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What is foreign contribution?

As per FCRA, foreign contribution basically implies a donation of an article (which is valued over INR 25,000 and is not a gift for personal use), any currency (both foreign or Indian), or a foreign security by a ‘foreign source’.


Amounts received from a foreign source by way of fee or towards cost in return for goods or services provided in the ordinary course of business will not be considered as foreign contribution.


Which entities are eligible to receive foreign contribution?


Foreign contribution can only be taken by an association of individuals which has an office in India (irrespective of whether it is incorporated), which has a definite cultural, economic, educational, religious or social programme. Therefore, unincorporated associations or ventures structured as societies, trusts, or Section 25 companies any of the above goals are eligible to receive foreign contributions. An individual would not be eligible to take a foreign contribution, as he would not qualify as an ‘association of individuals’. Partnerships or LLPs may not be able to obtain foreign donations because by definition these are business structures started with a profit-motive (as the discussion below will indicate, it may not be possible to take foreign contribution for a business started for earning profits).


List of illustrative activities for which foreign contribution may be received (as per Ministry of Home Affairs) is provided in the Annexure. The list in the Annexure will indicates that a vast majority of the activities conducted must be conducted with a non-profit motive. Most activities by their very nature are non-profit, such as, welfare of aged widows, relief or rehabilitation of victims of natural calamities. Further, ‘economic’ activities under the list such as microfinance projects, animal husbandry, vocational training, etc. are expressly stated to be eligible only if they are conducted for a non-profit motive.


While structuring a non-profit, the founders should ensure that its objectives are clearly classifiable into one of the above categories if they want to receive foreign donations. Such purposes should also be mentioned in the constitutional document (e.g. memorandum of association in case of a Section 25 company, trust deed in case of a trust or the bye-laws of a society).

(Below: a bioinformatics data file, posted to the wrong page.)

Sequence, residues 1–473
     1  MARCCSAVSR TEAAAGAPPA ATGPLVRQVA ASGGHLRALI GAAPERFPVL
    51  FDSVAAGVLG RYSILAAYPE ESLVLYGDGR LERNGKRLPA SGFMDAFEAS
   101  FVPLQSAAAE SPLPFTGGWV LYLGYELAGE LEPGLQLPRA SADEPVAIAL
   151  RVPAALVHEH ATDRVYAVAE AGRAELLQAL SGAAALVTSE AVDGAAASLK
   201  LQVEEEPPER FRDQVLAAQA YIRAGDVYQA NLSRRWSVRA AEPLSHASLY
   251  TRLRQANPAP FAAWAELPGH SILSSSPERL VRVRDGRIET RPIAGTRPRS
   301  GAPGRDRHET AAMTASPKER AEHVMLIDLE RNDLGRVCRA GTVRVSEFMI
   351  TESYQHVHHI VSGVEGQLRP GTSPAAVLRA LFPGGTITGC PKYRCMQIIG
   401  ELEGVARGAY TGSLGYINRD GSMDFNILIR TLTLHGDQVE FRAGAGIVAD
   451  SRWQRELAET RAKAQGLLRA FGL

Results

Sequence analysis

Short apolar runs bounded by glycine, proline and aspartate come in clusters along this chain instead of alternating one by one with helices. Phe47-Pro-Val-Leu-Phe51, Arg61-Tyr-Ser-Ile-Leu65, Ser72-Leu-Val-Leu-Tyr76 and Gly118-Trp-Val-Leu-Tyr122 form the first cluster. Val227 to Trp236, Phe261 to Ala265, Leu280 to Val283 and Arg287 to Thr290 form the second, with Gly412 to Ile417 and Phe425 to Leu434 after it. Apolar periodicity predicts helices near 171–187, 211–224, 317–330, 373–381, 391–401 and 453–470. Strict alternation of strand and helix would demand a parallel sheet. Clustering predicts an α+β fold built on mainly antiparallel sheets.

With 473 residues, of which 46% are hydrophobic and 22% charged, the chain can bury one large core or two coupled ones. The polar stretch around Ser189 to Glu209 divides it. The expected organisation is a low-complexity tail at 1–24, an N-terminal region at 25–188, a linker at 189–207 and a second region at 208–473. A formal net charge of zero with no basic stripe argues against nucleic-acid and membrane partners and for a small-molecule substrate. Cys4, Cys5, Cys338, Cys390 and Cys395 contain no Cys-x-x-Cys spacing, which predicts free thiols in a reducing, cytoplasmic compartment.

Foreign contribution can either be received by an organization by taking prior permission of the Central Government before receiving each tranche (i.e. that is, each time it receives a donation), or if it gets itself registered with the Central Government to receive foreign contribution, in which case it can receive contribution from different sources till the registration is valid.


Who is eligible to provide a foreign contribution?


As per the FCRA, any ‘foreign source’ is eligible to provide donations to Indian entities. The definition of a foreign source is very wide, and includes individuals, foreign governments, foreign companies, multinational corporations, trusts, foundations, societies, trusts, clubs which are organized or incorporated abroad.


Examples: The Bill and Melinda Gates Foundation would be a foreign foundation. Similarly, Warren Buffett will be eligible to donate in his personal capacity as a citizen of a foreign country.


 Note: If more than one-half of its share capital is held of an organization is held by foreign entities (whether it is a government, citizens, company, trust or society in a foreign country), it will qualify as a foreign source. Entities which seek donations from Indian offices of multinationals, e.g. a donation from Microsoft Corporation India Private Limited, will be required to comply with the provisions of FCRA. Foreign companies having business presence in India and Indian companies which are subsidiaries of foreign companies will qualify as ‘foreign sources’.

The Central Government may permit certain foreign institutions to carry out activities in India by notification – such institutions will not come be treated as ‘foreign sources’ for the purposes of FCRA. The government has permitted various UN agencies to conduct activities in India by notification. Hence, funding from such agencies would not attract the compliance requirements under FCRA.


Secondly, a company that is incorporated outside India and has an establishment in India may not be considered as foreign source if fifty per cent or more of the paid-up share capital is ultimately held by one or more Indian citizens or bodies incorporated in India.

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